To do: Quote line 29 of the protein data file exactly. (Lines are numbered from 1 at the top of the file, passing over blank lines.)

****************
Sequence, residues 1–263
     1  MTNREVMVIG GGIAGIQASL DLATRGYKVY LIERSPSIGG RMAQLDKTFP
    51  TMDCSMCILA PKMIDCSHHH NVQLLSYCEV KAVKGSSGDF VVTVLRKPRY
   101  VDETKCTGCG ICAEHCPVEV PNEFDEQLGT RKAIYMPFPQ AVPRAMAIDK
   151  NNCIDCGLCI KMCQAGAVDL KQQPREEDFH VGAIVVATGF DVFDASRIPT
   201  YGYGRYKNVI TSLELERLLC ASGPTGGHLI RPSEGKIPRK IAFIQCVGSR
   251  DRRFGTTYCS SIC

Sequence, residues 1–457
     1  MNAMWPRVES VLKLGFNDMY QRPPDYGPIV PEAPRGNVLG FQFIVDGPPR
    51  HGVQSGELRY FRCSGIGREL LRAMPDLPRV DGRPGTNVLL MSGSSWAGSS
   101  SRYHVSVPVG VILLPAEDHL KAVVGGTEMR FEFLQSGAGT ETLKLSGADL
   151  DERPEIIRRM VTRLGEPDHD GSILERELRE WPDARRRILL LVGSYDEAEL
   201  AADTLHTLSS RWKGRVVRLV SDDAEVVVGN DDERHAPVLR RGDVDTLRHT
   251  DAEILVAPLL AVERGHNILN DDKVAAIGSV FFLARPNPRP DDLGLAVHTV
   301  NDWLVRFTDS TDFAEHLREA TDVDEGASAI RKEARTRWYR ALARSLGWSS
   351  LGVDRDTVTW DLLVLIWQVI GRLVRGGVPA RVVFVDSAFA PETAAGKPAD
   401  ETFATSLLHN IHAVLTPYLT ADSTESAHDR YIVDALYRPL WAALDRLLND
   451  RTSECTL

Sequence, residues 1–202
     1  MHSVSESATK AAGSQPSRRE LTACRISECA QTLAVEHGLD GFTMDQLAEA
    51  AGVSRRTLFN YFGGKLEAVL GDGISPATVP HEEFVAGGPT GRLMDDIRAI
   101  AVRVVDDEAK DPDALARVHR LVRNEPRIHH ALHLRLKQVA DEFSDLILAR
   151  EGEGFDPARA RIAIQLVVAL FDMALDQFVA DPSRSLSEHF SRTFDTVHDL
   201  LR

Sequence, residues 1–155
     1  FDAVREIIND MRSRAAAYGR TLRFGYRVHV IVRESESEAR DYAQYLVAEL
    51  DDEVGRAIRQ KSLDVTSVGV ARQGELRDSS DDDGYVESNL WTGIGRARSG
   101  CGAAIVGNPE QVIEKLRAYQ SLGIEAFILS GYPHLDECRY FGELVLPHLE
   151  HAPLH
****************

   151  HAPLH